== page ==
The Qutub Complex: Architecture of the Early Islamic Period in India
The Qutub Minar complex is a collection of architectural marvels located at the Mehrauli Archaeological Park in New Delhi, India. The complex...
Maya M. Tola 17 April 2023
min Read5 September 2022
Adrien-Jean Le Mayeur de Merprès, better known as Jean Le Mayeur was a skilled Impressionist who was active around the early 20th century. Originally from Belgium, Le Mayeur traveled extensively and reconstructed his incredible voyages in paintings. His greatest artistic legacy is a consequential body of works dedicated to the tropical paradise island of Bali, Indonesia.
Jean Le Mayeur was born in Ixelles, Brussels in the year 1880. His father, Andrien Le Mayeur De Merpres was a painter and perhaps a significant early influence in his life. He studied painting at an early age, however at his father’s insistence he attended the Polytechnic College of The Université Libre de Bruxelles, where he majored in Architecture and Civil Engineering. Against the wishes of his family, Le Mayeur pursued an artistic career after graduating from university.
During World War I, Le Mayeur became an army painter and battlefield photographer. After the war ended, he embarked on extensive travels and it was during this time that his oeuvre really emerged. He initially left Belgium to live in Marseille and St. Tropez in France and then spent some time in Venice, Italy. In the early 1920s, he traveled to Turkey, Morocco, Tunisia, Madagascar, Burma, India, and Cambodia. He was able to travel and live as he pleased because his considerable family wealth was sufficient to support his enviable traveler-painter lifestyle.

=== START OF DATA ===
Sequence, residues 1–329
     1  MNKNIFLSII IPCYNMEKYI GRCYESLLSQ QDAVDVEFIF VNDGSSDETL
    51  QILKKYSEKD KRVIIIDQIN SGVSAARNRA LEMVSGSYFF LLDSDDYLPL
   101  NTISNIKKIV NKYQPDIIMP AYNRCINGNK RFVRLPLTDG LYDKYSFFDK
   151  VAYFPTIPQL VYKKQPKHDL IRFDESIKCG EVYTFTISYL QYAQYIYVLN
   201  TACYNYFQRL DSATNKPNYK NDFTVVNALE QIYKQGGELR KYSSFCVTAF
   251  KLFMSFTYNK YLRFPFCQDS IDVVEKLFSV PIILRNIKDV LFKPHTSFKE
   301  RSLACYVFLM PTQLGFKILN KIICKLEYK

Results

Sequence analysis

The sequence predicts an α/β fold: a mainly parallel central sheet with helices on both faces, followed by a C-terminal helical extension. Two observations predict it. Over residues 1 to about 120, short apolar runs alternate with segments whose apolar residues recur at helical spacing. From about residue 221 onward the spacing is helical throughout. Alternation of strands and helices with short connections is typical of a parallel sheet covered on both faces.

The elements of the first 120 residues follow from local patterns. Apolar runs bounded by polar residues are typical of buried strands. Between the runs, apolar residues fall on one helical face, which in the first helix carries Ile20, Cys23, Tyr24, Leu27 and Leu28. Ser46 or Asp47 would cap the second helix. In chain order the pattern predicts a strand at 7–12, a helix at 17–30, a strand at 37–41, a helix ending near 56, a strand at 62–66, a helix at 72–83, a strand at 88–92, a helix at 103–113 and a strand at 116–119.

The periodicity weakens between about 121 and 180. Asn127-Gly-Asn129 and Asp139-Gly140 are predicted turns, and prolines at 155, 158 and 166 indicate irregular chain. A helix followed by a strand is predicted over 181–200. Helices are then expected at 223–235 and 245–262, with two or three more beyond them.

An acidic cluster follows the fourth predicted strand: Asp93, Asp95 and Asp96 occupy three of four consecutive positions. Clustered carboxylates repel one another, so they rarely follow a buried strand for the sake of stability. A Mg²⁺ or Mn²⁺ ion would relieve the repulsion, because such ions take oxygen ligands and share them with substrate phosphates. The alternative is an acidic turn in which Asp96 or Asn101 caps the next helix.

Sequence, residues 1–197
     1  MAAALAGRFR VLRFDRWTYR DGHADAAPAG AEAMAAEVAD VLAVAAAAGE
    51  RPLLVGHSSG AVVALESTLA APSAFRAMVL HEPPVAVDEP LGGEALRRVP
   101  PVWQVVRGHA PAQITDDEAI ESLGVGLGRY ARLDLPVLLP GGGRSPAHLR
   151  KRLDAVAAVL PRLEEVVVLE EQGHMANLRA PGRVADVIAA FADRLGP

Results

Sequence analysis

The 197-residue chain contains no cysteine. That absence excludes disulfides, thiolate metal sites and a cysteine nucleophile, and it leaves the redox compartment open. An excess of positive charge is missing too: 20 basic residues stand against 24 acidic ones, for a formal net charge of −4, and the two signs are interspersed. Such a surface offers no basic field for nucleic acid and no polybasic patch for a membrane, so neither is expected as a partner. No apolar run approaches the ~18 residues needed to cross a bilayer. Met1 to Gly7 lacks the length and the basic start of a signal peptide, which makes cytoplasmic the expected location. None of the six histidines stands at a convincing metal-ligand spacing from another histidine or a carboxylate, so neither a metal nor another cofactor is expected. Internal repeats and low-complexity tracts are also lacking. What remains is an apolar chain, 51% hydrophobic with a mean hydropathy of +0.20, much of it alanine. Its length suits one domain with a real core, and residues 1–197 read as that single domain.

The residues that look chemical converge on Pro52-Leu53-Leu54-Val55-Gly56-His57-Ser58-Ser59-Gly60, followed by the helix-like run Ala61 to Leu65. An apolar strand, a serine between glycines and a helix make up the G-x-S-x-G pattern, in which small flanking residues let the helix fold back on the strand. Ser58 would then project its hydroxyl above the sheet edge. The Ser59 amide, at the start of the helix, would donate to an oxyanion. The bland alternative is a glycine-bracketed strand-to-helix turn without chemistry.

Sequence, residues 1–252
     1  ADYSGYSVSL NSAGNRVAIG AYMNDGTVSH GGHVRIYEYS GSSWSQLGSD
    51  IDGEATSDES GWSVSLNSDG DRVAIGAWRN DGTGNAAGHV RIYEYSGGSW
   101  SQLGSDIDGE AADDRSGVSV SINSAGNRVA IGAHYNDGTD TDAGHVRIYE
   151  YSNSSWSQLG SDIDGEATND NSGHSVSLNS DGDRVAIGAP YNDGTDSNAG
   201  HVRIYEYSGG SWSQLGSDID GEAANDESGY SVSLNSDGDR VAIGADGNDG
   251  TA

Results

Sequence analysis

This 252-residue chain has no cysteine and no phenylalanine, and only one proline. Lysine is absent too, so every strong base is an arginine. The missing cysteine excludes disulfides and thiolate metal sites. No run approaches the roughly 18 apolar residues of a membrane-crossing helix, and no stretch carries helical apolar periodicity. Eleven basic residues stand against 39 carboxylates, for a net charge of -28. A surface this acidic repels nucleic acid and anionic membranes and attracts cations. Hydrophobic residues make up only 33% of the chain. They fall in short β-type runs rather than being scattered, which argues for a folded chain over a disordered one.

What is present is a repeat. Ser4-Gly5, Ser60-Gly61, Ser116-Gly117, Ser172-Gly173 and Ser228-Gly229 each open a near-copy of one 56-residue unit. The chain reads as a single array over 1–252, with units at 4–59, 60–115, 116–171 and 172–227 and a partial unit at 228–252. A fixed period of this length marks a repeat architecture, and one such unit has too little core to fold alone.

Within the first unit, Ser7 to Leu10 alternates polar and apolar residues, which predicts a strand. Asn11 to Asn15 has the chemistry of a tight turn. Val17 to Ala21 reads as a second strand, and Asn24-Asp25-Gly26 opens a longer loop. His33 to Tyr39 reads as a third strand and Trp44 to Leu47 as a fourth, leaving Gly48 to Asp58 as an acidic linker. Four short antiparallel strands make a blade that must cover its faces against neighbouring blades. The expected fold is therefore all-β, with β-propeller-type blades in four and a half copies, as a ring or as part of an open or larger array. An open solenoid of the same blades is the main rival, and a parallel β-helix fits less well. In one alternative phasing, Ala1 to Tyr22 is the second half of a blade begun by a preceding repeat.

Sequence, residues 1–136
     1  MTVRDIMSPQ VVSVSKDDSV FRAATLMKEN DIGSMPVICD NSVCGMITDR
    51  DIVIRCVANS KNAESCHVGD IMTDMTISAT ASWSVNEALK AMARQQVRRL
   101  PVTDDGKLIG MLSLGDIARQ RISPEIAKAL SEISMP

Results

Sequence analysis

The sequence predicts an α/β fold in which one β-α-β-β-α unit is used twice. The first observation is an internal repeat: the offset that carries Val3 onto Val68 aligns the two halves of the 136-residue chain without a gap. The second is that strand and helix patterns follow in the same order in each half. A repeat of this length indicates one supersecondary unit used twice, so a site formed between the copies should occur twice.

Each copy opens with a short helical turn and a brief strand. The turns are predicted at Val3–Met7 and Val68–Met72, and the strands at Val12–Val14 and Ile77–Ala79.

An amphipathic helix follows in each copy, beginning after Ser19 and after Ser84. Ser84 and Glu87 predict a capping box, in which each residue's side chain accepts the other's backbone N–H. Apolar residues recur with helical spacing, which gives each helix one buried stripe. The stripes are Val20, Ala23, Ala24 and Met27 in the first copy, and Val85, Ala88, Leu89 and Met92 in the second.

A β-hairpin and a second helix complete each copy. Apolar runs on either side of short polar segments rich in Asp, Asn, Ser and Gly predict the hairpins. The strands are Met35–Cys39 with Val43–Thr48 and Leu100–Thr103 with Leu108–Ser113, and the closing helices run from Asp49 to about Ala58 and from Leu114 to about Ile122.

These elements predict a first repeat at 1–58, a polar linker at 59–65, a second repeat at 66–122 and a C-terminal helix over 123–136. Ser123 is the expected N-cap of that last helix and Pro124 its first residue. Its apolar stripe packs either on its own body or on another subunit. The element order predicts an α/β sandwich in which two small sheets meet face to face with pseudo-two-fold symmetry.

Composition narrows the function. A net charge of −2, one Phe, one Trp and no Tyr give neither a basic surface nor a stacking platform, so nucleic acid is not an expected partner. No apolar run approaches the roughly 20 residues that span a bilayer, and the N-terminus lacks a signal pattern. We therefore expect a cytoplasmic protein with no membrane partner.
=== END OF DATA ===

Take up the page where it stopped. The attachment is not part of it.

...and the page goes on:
Inspired by the travels of Paul Gauguin, Le Mayeur visited Tahiti in 1929, however, he was disappointed to find that the beauty of the Polynesian culture was in decline by the time got there. The same year, he traveled further east and made his first visit to the Indonesian isle of Bali, the fabled island of gods.
Bali is one of the best-known islands of the large Indonesian archipelago. It is a tropical paradise with extraordinary landscapes, lush tropical greens, incredible beaches, and vibrant religious traditions rooted in Balinese Hinduism. Le Mayeur was completely enthralled by both the culture and the incredible natural beauty. He left Europe and made a second voyage to Bali at the age of 52 with the intention to make it his home. In 1932, he arrived by boat at Singaraja in the Bulueng province in the northern part of the island. He made his way south to Banjar Kelandis, located close to Denpasar, and rented a house there.
In Bali, Le Mayeur met and fell in love with Ni Wayan Pollok Tjoeglik, a 15-year-old Legong dancer who was 37 years his junior. Ni Pollok became his lifelong muse and model. In 1933, his paintings, largely featuring Ni Pollok, were exhibited at the YMCA in Singapore. The exhibition was a great commercial success. Le Mayeur then used the proceeds to purchase land at Sanur Beach in the southeast of Bali, where he built a beautiful ocean-facing home and studio. Villa Le Mayeur, as it came to be known, featured a gorgeous courtyard and garden full of flowers and palm trees.